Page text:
The Weird: A Compendium of Strange and Dark Stories [NOOK Book]

Overview


From Lovecraft to Borges to Gaiman, a century of intrepid literary experimentation has created a corpus of dark and strange stories that transcend all known genre boundaries. Together these stories form The Weird, and its practitioners include some of the greatest names in twentieth and twenty-first century literature.

Exotic and esoteric, The Weird plunges you into dark domains and brings you face to face with surreal monstrosities. You won’t find any elves or wizards ...

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The Weird: A Compendium of Strange and Dark Stories

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Overview


From Lovecraft to Borges to Gaiman, a century of intrepid literary experimentation has created a corpus of dark and strange stories that transcend all known genre boundaries. Together these stories form The Weird, and its practitioners include some of the greatest names in twentieth and twenty-first century literature.

Exotic and esoteric, The Weird plunges you into dark domains and brings you face to face with surreal monstrosities. You won’t find any elves or wizards here...but you will find the biggest, boldest, and downright most peculiar stories from the last hundred years bound together in the biggest Weird collection ever assembled.

The Weird features 110 stories by an all-star cast, from literary legends to international bestsellers to Booker Prize winners: including William Gibson, George R. R. Martin, Stephen King, Angela Carter, Kelly Link, Franz Kafka, China Miéville, Clive Barker, Haruki Murakami, M. R. James, Neil Gaiman, Mervyn Peake, and Michael Chabon. The Weird is the winner of the 2012 World Fantasy Award for Best Anthology

At the publisher's request, this title is being sold without Digital Rights Management software (DRM) applied.

Winner of the 2012 World Fantasy Award for Best Anthology

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Editorial Reviews

Publishers Weekly
Ambitious in the extreme, the Vandermeers’ latest genre-blurring endeavor (after Steampunk II: Steampunk Reloaded), which compiles 110 weird stories from the past century, is one of the most far-reaching and inclusive speculative anthologies to ever see print. Alongside familiar names—from Lovecraft and Kafka to Link and Kiernan—the Vandermeers unveil a menagerie of obscure authors and impressive stories from around the world. These short works and novel excerpts explore every definition of weird, including Borges’s surreality (“The Aleph”), Shirley Jackson’s slow descent into darkness (“The Summer People”), Octavia E. Butler’s subtly horrific SF (“Bloodchild”), and Michael Chabon’s ornate unease (“The God of Dark Laughter”). This standard-setting compilation is a deeply affectionate and respectful history of speculative fiction’s blurry edges, and its stunning diversity, excellent quality, and extremely reasonable price point (even more so for the .99 trade paperback and .99 e-book) will entice a wide variety of readers—including those who think they don’t like “weird.” (May)
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Product Details

  • ISBN-13: 9781466803190
  • Publisher: Doherty, Tom Associates, LLC
  • Publication date: 1/24/2012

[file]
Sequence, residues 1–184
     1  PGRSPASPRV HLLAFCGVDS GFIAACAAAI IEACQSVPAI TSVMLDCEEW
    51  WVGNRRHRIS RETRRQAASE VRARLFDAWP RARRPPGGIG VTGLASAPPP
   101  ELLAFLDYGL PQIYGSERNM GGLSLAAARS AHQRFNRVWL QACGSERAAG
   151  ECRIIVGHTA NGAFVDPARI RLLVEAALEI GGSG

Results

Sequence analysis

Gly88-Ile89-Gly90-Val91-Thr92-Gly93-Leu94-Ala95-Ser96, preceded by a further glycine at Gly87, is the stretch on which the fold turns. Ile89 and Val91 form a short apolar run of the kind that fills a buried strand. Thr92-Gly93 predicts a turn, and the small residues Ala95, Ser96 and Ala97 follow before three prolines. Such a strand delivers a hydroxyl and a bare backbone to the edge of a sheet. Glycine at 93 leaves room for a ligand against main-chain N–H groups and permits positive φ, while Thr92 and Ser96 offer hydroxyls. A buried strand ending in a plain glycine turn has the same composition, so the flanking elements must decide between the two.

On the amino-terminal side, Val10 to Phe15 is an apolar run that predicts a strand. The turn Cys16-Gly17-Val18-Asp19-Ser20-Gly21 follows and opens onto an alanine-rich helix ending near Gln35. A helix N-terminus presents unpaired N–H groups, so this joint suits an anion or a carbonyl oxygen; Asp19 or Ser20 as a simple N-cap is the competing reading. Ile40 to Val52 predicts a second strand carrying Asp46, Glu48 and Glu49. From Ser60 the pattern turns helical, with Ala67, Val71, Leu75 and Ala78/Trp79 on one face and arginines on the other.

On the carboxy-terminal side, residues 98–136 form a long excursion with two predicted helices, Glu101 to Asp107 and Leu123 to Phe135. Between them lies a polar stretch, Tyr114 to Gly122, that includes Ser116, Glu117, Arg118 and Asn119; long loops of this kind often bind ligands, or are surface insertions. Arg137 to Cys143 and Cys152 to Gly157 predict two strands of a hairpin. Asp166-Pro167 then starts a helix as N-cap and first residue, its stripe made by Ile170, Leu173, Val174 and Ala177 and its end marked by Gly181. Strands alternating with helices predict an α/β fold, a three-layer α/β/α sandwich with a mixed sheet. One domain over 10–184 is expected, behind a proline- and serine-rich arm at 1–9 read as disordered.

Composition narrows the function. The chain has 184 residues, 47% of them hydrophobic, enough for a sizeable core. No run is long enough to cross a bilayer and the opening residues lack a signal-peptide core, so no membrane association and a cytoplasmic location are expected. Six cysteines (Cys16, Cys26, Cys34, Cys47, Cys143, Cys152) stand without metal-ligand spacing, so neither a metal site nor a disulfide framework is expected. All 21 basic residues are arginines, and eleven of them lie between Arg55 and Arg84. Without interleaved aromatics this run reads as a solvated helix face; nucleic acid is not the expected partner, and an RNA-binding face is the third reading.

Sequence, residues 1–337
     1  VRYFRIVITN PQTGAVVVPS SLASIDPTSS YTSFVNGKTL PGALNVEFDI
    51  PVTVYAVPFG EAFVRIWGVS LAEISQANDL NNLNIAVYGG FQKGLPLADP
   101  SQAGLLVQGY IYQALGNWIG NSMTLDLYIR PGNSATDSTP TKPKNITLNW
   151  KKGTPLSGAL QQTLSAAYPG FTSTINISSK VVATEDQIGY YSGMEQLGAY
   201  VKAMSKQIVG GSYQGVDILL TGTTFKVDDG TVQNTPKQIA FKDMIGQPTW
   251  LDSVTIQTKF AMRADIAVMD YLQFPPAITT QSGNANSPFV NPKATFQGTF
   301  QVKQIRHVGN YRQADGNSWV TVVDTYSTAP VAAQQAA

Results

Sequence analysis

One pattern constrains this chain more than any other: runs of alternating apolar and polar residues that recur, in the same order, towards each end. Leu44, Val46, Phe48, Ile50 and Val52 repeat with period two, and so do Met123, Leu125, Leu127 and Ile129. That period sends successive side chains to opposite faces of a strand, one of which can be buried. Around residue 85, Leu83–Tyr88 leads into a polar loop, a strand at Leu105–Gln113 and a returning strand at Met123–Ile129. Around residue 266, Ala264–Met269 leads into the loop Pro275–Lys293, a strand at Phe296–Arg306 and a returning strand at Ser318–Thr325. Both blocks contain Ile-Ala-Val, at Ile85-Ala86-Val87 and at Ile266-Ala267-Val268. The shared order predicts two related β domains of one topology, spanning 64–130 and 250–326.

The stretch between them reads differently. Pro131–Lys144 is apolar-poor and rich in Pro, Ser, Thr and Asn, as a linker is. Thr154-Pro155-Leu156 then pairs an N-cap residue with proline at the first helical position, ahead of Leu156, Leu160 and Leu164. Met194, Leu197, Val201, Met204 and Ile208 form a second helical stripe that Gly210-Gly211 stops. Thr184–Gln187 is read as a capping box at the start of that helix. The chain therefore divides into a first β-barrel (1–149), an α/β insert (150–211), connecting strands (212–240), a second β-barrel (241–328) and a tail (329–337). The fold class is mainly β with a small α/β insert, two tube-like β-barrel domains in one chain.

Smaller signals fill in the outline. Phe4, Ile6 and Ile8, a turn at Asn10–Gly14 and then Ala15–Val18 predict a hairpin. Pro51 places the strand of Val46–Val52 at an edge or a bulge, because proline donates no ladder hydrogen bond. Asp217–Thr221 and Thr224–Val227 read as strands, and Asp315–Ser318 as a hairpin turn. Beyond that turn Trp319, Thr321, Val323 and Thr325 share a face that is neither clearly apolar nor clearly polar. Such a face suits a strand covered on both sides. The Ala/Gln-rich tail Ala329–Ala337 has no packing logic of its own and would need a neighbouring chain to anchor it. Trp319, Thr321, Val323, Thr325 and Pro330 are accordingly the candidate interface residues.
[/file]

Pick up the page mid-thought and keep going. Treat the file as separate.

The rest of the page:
• Sold by: Macmillan
  • Format: eBook
  • Pages: 1152
  • Sales rank: 127,003
  • File size: 3 MB

Meet the Author


THE WEIRD was compiled and edited by Hugo Award-winner Ann VanderMeer and World Fantasy Award-winner Jeff VanderMeer. They have recently co-edited such anthologies as Best American Fantasy; Best American Fantasy 2; Steampunk; Steampunk II: Steampunk Reloaded; The New Weird; Last Drink Bird Head; Fast Ships, Black Sails; and The Thackery T. Lambshead Cabinet of Curiosities. They are the co-authors of The Kosher Guide to Imaginary Animals: The Evil Monkey Dialogues. Jeff’s latest books include Finch, a World Fantasy and Nebula Award-finalist; the short story collection The Third Bear; the non-fiction collection Monstrous Creatures; the coffee table book The Steampunk Bible (co-authored with S. J. Chambers); and the writing guide Booklife. Ann is the editor-in-chief of Weird Tales magazine, the oldest fantasy magazine in the world, and is a regular contributor to the popular science fiction and fantasy web-site io9. Together, they have been profiled by National Public Radio and online at WIRED. com and the New York Times’s Arts Beat blog. Both active teachers, they have taught at the Clarion and Odyssey writing workshops and the teen summer camp Shared Worlds, where Jeff serves as the assistant director. They live in Tallahassee, Florida, with too many books and four cats.

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Read an Excerpt


THE WEIRD: TABLE OF CONTENTS

Alfred Kubin, “The Other Side” (excerpt), 1908

F. Marion Crawford, “The Screaming Skull,” 1908

Algernon Blackwood, “The Willows,” 1907

Saki, “Sredni Vashtar,” 1910

M.R. James, “Casting the Runes,” 1911

Lord Dunsany, “How Nuth Would Have Practiced his Art,” 1912

Gustav Meyrink, “The Man in the Bottle,” 1912

Georg Heym, “The Dissection,” 1913

Hanns Heinz Ewers, “The Spider,” 1915

Rabindranath Tagore, “The Hungry Stones,” 1916

Luigi Ugolini, “The Vegetable Man,” 1917

A. Merritt, “The People of the Pit,” 1918

Ryunosuke Akutagawa, “The Hell Screen,” 1918

Francis Stevens, “Unseen---Unfeared,” 1919

Franz Kafka, “In the Penal Colony,” 1919

Stefan Grabinski, “The White Weyrak,” 1921

H.F. Arnold, “The Night Wire,” 1926

H.P. Lovecraft, “The Dunwich Horror,” 1929

Margaret Irwin, “The Book,” 1930

Jean Ray, “The Mainz Psalter,” 1930

Jean Ray, “The Shadowy Street,” 1931

Clark Ashton Smith, “Genius Loci,” 1933

Hagiwara Sakutoro, “The Town of Cats,” 1935

Hugh Walpole, “The Tarn,” 1936

Bruno Schulz, “Sanatorium at the Sign of the Hourglass,” 1937

Robert Barbour Johnson, “Far Below,” 1939

Fritz Leiber, “Smoke Ghost,” 1941

Leonora Carrington, “White Rabbits,” 1941

Donald Wollheim, “Mimic,” 1942

Ray Bradbury, “The Crowd,” 1943

William Sansom, “The Long Sheet,” 1944

Jorge Luis Borges, “The Aleph,” 1945

Olympe Bhely-Quenum, “A Child in the Bush of Ghosts,” 1949

Shirley Jackson, “The Summer People,” 1950

Margaret St. Clair, “The Man Who Sold Rope to the Gnoles,” 1951

Robert Bloch, “The Hungry House,” 1951

Augusto Monterroso, “Mister Taylor,” 1952

Amos Tutuola, “The Complete Gentleman,” 1952